This Veterans Day 2017, I thought I would take it upon myself, for those of you perhaps not familiar with the U.S. veteran community, to provide for you a guide to the different types — or categories — of veterans you might encounter in modern American society.

This guide will of course not be perfect, nor even all-encompassing, but it should suffice as a basic reference for your use as you navigate through the veteran community.  After all, it can be confusing for a civilian out there to know exactly how to honor a veteran on Veterans Day, and it helps to have more to say than “thank you for your service” in the course of your interaction.  Well, you can now read the categories below and add a “where and when did you serve?” to your repertoire, drawing on this guide for background.


The World War II-Korea Veteran (the mythical hero)

This is of course the group of veterans often rightly called the Greatest Generation.  In 2017, they are few and far between and we are losing them at a rapid rate.   They are now elderly, sometimes frail, but always majestic and radiating heroism and resolve.  They are our living museum pieces and flesh-and-blood symbols of Americans as our greatest selves.  They are exemplified by men like George H.W. Bush, and others who shipped off to war as young as 18 and fought to victory against one of the world’s greatest evils, and in one of the harshest climates imaginable in Korea.  It will not be long before we will no longer have them around to thank for their service, and that will be heartbreaking.

The Vietnam Veteran (the elder statesman)

These are the men you will see with their Vietnam Veteran hats, unit patches and expressions of fierce pride for what they did in Southeast Asia for an often thankless populace back here at home.  Their war was often brutal and savage, and fought in some of the toughest conditions in the world.  For so long, these men were unappreciated and misunderstood.  They were stigmatized as representative of an America divided and turned against itself.  Perhaps only now are they universally appreciated for what they did in serving America in one of the most difficult of wars.  They are the deans of today’s veteran corps, and it seems like we as a country have finally come to see them for the heroes they always were.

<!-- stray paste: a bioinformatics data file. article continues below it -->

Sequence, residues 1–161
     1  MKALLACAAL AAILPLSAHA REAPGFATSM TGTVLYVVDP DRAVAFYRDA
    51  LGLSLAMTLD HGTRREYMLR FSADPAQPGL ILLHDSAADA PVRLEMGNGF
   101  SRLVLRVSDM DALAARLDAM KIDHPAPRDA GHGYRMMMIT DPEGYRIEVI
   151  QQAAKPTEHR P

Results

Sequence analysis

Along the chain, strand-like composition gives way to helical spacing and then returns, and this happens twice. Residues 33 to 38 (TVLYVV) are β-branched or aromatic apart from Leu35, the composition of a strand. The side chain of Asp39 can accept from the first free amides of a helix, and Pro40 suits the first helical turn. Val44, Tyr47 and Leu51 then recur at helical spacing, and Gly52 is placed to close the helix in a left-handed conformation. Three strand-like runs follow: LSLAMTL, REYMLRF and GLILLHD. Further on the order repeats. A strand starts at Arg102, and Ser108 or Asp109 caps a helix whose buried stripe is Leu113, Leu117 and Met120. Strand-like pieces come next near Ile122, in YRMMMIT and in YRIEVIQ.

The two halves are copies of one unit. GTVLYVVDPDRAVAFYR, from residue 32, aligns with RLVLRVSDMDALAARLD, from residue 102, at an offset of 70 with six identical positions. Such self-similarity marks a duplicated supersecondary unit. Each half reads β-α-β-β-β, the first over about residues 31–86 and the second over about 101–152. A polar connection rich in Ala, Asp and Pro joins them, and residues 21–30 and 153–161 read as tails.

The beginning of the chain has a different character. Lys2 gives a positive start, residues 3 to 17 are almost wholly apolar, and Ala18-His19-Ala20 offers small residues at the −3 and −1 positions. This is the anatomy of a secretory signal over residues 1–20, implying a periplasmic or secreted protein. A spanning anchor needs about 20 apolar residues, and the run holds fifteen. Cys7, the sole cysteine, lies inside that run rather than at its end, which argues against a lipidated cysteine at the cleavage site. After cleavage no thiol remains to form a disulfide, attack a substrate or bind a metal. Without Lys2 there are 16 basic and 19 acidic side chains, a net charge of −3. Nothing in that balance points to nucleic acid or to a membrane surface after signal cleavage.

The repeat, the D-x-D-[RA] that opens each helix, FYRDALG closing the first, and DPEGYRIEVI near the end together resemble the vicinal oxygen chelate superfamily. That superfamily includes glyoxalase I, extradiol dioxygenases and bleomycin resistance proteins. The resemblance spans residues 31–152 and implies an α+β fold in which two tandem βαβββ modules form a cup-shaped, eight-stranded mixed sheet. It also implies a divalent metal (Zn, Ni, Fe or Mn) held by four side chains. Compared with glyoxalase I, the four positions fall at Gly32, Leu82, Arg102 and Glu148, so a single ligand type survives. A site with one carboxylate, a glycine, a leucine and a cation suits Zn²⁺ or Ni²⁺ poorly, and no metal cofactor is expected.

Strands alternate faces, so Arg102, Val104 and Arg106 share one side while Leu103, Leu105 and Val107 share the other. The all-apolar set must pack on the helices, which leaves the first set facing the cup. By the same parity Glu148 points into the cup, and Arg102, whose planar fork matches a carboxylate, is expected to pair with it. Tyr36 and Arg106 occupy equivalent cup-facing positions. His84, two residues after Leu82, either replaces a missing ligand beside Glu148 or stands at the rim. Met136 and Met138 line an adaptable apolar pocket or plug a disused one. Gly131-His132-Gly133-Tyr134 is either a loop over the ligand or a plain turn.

The Cold War & Gulf War Veteran (the overlooked)

The generation of men and women who served after the end of the Vietnam War and up through the late 1990s are today’s “forgotten veterans.”  They served in a time when conflict was usually swift and politically fraught — when it happened — and during part of which, America was an unchallenged force.  We were face to face with a nuclear-armed ideological enemy for most of this era, and we were a juggernaut and steamrolled our enemies after the Soviet Union fell.  These veterans served in engagements in Panama, Grenada, El Salvador, Somalia, Bosnia, Kosovo, Colombia and beyond.  They fought a decisive war in Iraq.  Theirs was an era of limited warfare, yet they still served around the world, wherever they were called.  We should never forget to honor their service.

The 9/11 Veteran (the vanguard of a new era)

These were the men and women who signed up shortly before 9/11, not expecting a service career filled with warfare.  Just the opposite, they thought their’s would be a continuation of the post-Vietnam era, one of limited and small-scale wars.  That did not necessarily make them happy, as they longed to serve in a meaningful way for their country.  They believed they would need to compete to do so and to fight to be involved in the existing conflicts.  Then September 11th happened and everything changed.  They immediately knew that theirs would be a different era.  They were the vanguard of today’s era of the Long War.  What started as a war for retribution against terrorists in Afghanistan would expand into so much more, and they would be the first of a new generation of American service men and women to spend their whole military careers in constant war. 

The Modern Long War Veteran (the Atlas Generation)

Finally, we have our newest generation of veterans — those men and women who signed up in the wake of 9/11, and who are signing up today knowing exactly what they are getting themselves into.  These young men and women have spent their entire military careers in a service at war.  They have carried the nation’s burden and are owed a tremendous debt.  They have their whole lives in front of them, either in a lifelong military career or in the civilian world after their service.  They will help lead America into the future and their efforts over the last 16 years have earned them the title of the Atlas Generation.  They have carried us on their shoulders, and have their job cut out for them in assuming roles of political leadership in the future.  They will need to bring us back together as a nation and remind us that we are all Americans, and that our’s is a society and culture worth fighting for.

Featured image courtesy of Wikipedia.